Some Republicans favor a flat federal income tax rate as opposed to progressive rates. The idea is to tax all income at the same rate and its proponents misleadingly argue that this will lead to simplification. (Of course, in reality it's the various deductions and credits and other factors in the tax code, not progressive rates, that makes taxes complicated.) Mike Huckabee, Rudy Giuliani, and Sam Brownback are in favor of this plan, although Brownback has a plan to employ an optional flat tax system that will keep both progressive and flat tax rates available. Brownback's idea is perhaps the most bizarre because it's even more difficult to see how we could simplify anything by having two different tax systems.
But of course the bigger problem with the flat tax is that it's just blatantly, unapologetically, regressive. Currently the wealthy pay income taxes at higher rates than middle-income and low-income families. (This helps balance out the regressivity of other taxes, like federal payroll taxes and state sales taxes.) A flat tax has just one income tax rate, which will be lower than the rates paid now by the wealthy and probably higher than the rates paid now by the middle-class. If the switch to a flat income tax is revenue-neutral, that means poor people will pay more in income taxes and rich people will pay less. If everyone can pay less, well, then it can't be revenue-neutral and must involve massive cuts in government spending. We'll take a wild guess that any such spending cuts won't be at the expense of the wealthy.
Increase Revenue by Cutting Taxes
Giuliani has said that new revenue can be generated by cutting taxes, which will cause the economy to grow so much that tax revenues paid to the federal government will actually increase. Giuliani, remarkably, told an audience on August 5 that we can raise revenue to fix collapsing bridges not by increasing the federal gas tax but by lowering taxes. And Giuliani is not alone among Republicans who believe this fantasy. In the May 15th Republican debate John McCain also claimed that the Bush tax cuts resulted in "dramatically increased revenues."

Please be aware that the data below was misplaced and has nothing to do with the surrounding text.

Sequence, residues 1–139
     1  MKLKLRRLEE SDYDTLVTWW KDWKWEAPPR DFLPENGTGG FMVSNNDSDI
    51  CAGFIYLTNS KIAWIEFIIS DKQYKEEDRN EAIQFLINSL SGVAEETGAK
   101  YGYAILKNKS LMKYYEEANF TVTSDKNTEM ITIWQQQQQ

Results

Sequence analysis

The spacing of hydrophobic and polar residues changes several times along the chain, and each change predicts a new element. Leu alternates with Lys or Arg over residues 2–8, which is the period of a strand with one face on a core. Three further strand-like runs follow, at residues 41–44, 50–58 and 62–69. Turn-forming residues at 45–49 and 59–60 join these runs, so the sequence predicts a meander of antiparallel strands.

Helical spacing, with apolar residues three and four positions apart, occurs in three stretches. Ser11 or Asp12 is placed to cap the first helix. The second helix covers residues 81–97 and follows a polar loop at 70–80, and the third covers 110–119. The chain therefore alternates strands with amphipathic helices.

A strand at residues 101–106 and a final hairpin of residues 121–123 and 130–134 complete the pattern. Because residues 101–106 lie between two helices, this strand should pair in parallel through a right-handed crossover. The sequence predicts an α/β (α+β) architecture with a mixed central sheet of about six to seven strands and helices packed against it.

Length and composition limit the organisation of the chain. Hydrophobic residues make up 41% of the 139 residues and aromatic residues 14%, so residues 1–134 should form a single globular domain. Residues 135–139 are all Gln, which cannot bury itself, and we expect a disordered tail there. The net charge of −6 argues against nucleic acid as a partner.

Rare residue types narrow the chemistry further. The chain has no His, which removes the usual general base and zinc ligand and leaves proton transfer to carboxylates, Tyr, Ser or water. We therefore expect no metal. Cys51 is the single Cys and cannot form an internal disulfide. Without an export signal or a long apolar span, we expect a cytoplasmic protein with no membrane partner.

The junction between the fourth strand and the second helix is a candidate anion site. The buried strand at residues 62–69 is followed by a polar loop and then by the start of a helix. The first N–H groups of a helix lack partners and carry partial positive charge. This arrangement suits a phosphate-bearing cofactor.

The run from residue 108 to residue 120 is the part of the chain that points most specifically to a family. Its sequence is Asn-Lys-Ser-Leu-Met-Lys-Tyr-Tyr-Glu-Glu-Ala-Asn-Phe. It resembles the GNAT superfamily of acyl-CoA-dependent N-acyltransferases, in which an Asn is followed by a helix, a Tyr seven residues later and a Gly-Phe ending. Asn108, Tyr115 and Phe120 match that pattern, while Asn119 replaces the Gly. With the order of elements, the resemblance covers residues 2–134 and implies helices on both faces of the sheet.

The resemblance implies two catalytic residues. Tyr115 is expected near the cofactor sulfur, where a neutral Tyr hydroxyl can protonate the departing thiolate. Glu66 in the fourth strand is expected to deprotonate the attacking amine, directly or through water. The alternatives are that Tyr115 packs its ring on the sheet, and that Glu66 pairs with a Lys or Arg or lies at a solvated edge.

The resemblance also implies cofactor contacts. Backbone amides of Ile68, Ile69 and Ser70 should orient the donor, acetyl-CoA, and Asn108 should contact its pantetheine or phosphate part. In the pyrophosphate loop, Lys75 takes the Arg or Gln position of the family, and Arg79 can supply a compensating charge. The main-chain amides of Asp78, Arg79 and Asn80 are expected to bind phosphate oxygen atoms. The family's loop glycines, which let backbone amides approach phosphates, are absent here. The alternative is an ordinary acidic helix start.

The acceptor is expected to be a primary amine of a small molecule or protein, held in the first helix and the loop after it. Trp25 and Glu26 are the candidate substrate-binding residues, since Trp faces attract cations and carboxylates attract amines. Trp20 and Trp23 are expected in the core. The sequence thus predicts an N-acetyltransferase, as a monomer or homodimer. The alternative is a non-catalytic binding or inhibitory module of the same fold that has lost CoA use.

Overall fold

What's remarkable is that McCain explains his votes against the Bush tax cuts in 2001 and 2003 by saying that needed spending reductions were not being made at the time taxes were lowered. But if tax cuts raise revenues, why should anyone care whether or not spending is reduced? Why not just keep cutting taxes until the revenues grow enough to pay for whatever spending we want? It's hard to believe that McCain doesn't see how absurd this theory is. One could be forgiven for thinking that he is contorting his positions in order to win over the conservative voters in the Republican primaries.
There's wisdom in the saying, "If it sounds too good to be true, it probably is." This saying applies to the theory that tax cuts raise revenues. President Bush's own Treasury Department issued a report
last year that refuted the claim that tax breaks spark so much economic growth that they pay for themselves.
Tax Breaks for Healthcare
Rudy Giuliani's healthcare plan consists of a tax deduction of up to $7,500 for individuals and $15,000 for families who purchase health insurance. But a tax deduction is worth the amount of the deduction times the top tax rate a family is subject to, so this offers more for the rich families in higher income brackets than middle-income or low-income families who actually need help obtaining health insurance. And low-income people who pay payroll taxes, but not federal income taxes, get no benefit, even though they're the group most likely to be without healthcare. John McCain has proposed a $3,000 credit for healthcare. A credit is more progressive than a deduction since its value doesn't depend on the income tax bracket a family is in, but if it's not refundable it still won't help those who pay federal payroll taxes but not federal income taxes.